The dark romance of it all: It's hard not to fall in love with Nicholas, as he's charming and attentive, clever and caring, and treats Leonore (and her family) far better than her dastardly father ever did. And Harbaugh turns some delightfully romantic phrases, and ideas, in the book, which only add to the allure of loving the Viscount. (OK, and the sexy bits are le woof!) But Nicholas is essentially using his wife, which was tricky to get past because he's deceiving her. In my study of Frank Langella's Dracula, I support Lucy's choice to throw in her lot with the vampire because she's savvy to what's going on. Granted, Leonore does agree to marry Nicholas, but it's only toward the end of the story that she realizes what he really is and why he was so desperate to have her. This casts a bit of a pall over the tale for me, but not enough to kill the buzz I developed for it. I'm just sayin'.

The Vampire Viscount is relatively light on the vampiness but heavy on the romance and an enjoyable mash-up of the two genres. I'm glad I was able to get my hands on it!

11 comments:

  1. All these years I've been pronouncing Viscount phonetically. Who knew?

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    1. I did too, for quite some time. :-)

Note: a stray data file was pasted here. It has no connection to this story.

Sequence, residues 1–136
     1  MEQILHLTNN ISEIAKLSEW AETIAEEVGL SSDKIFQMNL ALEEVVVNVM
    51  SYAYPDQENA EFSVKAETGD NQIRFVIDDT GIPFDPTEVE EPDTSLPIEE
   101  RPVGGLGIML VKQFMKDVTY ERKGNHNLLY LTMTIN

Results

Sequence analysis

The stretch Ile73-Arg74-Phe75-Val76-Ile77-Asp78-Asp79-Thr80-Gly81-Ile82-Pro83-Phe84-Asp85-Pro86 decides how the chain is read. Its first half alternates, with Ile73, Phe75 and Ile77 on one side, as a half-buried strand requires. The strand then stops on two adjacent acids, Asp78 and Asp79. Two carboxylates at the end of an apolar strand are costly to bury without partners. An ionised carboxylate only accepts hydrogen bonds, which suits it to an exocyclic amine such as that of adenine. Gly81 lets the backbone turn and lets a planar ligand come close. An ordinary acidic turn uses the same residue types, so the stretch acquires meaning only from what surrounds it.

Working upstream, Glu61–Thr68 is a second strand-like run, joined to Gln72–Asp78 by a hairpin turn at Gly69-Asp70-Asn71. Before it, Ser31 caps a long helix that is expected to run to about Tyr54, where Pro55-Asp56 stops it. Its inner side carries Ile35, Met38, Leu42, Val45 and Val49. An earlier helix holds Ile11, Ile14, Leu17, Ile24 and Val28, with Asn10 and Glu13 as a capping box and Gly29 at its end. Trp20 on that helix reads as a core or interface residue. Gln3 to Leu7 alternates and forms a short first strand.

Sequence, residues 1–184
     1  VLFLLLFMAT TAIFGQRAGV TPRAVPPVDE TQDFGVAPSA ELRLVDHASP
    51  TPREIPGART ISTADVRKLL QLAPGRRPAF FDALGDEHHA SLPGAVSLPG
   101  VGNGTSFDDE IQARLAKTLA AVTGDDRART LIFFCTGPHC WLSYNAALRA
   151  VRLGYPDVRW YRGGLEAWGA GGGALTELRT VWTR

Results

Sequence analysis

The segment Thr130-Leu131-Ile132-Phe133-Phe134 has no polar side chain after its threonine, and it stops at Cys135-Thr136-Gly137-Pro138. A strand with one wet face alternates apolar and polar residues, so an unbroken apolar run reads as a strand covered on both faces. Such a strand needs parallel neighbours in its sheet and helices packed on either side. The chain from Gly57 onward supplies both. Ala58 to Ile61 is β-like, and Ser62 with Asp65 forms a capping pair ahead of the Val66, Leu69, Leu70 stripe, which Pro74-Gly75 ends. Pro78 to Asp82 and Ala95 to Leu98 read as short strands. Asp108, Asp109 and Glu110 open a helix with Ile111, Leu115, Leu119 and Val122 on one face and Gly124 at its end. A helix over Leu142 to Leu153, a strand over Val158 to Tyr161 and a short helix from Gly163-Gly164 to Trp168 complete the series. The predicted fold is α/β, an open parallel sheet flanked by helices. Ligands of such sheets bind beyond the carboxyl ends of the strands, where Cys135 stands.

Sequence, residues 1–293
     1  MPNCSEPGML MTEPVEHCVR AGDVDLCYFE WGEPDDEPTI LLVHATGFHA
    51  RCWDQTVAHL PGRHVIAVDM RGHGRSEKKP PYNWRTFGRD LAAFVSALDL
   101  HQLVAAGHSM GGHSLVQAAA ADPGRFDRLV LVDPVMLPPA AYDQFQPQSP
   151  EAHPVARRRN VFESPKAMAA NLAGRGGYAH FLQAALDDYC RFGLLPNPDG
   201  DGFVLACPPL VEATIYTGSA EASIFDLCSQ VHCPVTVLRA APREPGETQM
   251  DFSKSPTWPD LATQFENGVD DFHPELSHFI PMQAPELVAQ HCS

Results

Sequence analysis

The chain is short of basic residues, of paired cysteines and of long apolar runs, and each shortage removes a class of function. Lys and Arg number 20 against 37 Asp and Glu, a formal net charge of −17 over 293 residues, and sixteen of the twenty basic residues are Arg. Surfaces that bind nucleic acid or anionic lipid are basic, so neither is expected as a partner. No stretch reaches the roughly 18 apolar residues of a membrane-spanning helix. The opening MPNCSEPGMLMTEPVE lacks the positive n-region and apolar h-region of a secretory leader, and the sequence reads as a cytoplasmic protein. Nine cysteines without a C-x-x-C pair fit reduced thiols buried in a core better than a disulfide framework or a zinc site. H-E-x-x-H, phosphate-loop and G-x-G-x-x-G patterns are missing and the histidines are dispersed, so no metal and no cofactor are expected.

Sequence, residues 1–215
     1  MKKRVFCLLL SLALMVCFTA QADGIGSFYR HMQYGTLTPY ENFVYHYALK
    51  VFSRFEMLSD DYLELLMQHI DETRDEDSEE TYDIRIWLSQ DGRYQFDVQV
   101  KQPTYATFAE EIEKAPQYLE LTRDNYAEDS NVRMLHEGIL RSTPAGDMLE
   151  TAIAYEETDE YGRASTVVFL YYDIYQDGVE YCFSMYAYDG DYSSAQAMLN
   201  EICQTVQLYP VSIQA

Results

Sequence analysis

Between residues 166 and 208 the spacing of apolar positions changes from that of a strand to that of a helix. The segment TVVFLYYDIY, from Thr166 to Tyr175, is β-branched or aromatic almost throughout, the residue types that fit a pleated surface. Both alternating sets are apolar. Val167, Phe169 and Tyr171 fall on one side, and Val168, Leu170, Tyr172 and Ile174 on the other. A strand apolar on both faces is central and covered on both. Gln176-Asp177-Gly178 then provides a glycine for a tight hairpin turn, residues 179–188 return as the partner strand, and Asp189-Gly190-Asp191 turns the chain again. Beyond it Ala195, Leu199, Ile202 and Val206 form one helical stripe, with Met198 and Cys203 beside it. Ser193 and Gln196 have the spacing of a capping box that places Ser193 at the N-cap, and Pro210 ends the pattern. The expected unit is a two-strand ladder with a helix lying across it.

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  2. Fun review! Most enjoyable.

    I'm almost unable to recite the Colin Firth/Jennifer Ehle version (which for me is "THE ONLY" version) of Pride and Prejudice word for word. So I'll be ready to view it again (ok, for the 1,287th time) soon!

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    1. "THE ONLY" version - Amen and Hallelujah, sister. Who all can capture the smolder of Darcy and the lively brilliance of Lizzie so well as Firth and Ehle? No others, that's who. :-)

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  3. Great review! I'm adding it to my TBR list.

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    1. You can check out a fair-sized excerpt of it by clicking on the linked title, above (assuming you haven't already). :-)

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  4. I may be willing to give this a read! All the craze of "sparkly vampires" have made me shirk off almost anything having to do with vampires/werewolves, but this one sounds like it has a much better premise. Plus...I can't resist a good romance novel in an old English setting!

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    1. Well, this vamp sparkles through his wit. I do recommend checking out the excerpt Harbaugh's put up on her site (linked above) to get a taste for the style of the narrative...and a hint of the *woof* factor. :-)

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  5. I'm not massively into vampires, but this sounds like a really fun read.

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  6. I'm with Talli - not a huge vamp fan, but I like the sound of this one. And Beyond Heaving Bosoms? TOO HILARIOUS!